Even though it is a good idea to read about other tkr patients and their experiences, please remember that we are all different. Everyone recuperates at their own pace. And, everyone went into their total knee replacement surgery with a different background, different experiences. Some have experienced trauma, some have experienced aging, and some have a combination of the two (like me).
My tkr is the result of a car accident which happened 33 years ago. There was trauma to my knee and entire leg. The main leg injury was a fractured femur (thighbone). At the time, the doctors said I had arthritis in my knee as a result of my knee smashing against the dashboard. I was told then that I would not really have any problems until 30 years down the road. As a 21 year old, I thought…”Yeah, ok. That’s when I’m old.” So, here I am 30 years later. And, I’ll deny being “old”. 🙂 Funny how that works, in my opinion.
I’m mentioning this since my tkr recuperation has added concerns as compared to the typical osteoarthritis (aging) concerns. That’s the way it is and I accept that. I don’t compare myself with others. What’s the point in that?
Recently one of my patients suggested having a flexion contest among the tkr readers/patients on my blog. I love that competitive spirit and found her enthusiasm refreshing. However, I would not stack up at all, and I’m not going to try to. While other tkr patients are striving for 115-135 flexibility range (kudos to you all!), I am not in the same ball park. I’m not your average bear.
Even though gauging yourself against other tkr patients will give you a general idea about experiences, comparisons between flexibility and activities is just not a good idea. That’s my opinion, anyways. For instance, I know that to “graduate” from physical therapy, 95 was the flexibility target goal for me. I saw other tkr patients, at the same time period of my surgery, with 115-120. I started to feel inadequate since I was struggling to reach 95. And, that was with my physical therapy lady pulling and pushing on me so hard I could have screamed loud enough for Asia to hear me. 😕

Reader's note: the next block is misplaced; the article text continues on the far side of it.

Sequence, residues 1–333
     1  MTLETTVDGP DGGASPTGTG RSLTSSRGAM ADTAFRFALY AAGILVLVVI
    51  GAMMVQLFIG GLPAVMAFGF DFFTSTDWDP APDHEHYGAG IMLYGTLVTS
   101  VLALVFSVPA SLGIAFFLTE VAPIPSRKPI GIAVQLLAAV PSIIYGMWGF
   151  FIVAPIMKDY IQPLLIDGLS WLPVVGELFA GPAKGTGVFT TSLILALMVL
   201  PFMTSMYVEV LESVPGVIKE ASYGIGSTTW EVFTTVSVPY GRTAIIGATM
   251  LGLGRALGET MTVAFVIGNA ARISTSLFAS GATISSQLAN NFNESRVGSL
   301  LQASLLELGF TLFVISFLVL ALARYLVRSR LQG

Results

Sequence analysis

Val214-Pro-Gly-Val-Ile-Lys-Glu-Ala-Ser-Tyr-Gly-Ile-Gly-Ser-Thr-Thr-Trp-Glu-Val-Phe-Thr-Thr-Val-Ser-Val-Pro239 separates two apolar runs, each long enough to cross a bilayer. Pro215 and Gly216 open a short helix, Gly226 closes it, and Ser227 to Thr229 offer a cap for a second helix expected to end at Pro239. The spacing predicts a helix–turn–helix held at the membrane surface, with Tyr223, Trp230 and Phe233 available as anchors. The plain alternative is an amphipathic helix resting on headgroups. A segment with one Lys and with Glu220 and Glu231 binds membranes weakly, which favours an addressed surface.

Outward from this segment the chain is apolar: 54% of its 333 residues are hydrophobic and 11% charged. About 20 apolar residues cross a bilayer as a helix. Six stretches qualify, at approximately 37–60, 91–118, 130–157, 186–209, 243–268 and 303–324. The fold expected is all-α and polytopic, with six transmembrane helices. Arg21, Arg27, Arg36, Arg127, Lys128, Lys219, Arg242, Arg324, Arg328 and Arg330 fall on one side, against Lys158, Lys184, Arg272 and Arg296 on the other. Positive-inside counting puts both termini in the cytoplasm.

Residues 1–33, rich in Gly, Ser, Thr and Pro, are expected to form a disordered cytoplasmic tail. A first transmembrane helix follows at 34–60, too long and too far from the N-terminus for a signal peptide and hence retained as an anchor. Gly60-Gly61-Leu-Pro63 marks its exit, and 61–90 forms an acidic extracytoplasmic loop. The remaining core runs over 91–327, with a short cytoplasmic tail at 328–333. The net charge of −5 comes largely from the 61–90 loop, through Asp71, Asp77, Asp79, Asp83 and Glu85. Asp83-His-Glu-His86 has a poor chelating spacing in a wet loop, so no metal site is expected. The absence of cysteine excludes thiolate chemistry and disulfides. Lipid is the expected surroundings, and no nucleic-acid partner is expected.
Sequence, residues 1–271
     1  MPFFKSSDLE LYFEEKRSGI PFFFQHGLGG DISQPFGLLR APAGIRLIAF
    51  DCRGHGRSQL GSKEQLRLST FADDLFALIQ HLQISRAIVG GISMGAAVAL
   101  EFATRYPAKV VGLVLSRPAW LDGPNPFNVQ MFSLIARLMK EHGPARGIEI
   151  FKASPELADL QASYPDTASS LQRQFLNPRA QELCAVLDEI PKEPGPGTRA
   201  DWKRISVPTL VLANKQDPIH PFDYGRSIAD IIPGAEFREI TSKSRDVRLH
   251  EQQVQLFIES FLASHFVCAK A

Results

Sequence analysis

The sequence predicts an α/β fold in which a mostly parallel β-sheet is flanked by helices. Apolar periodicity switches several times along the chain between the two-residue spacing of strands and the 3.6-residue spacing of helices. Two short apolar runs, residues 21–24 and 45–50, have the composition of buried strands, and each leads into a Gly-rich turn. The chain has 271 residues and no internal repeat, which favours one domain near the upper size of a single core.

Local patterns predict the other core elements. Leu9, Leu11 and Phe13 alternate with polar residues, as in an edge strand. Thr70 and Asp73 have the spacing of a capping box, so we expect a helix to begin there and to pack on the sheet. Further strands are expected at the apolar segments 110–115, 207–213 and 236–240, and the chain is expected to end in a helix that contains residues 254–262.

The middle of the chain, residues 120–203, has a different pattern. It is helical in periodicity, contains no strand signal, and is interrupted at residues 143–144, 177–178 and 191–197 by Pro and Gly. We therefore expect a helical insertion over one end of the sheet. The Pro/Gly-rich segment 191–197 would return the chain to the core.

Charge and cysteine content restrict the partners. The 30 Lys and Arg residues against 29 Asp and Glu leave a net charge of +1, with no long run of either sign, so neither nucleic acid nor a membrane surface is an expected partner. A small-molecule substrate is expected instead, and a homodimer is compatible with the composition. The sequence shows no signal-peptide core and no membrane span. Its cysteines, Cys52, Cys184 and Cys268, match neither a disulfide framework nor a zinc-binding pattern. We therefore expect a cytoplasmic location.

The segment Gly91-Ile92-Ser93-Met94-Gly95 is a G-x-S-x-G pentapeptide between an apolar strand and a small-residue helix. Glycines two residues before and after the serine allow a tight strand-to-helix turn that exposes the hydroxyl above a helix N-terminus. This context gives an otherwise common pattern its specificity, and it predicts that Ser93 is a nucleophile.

The only comparison you need to make is with yourself. All you can do is keep bettering yourself. Remember your pre-tkr flexibility and activity level. Then, compare it to how you are after your surgery. In my case, my flexion and activity level have both increased remarkably. Yet, I do not have more than 100 degrees as of today. And, I may never have more than that. My doctor told me to be prepared for that based upon my prior medical experience. Prior to my tkr, though, my degree of flexibility was probably around 75. It was not good.
I believe it is important to mention this since comparing yourself with others can make you doubt your own accomplishments. What good is that? Anyone diligently working (doing their exercises) after a total knee replacement surgery needs to be proud of what they have accomplished. Don’t doubt yourself.
So, when you hear of or see other tkr patients with their desirable activity level, impressive flexion degrees, and other aspects you want to have – remember we are all different.
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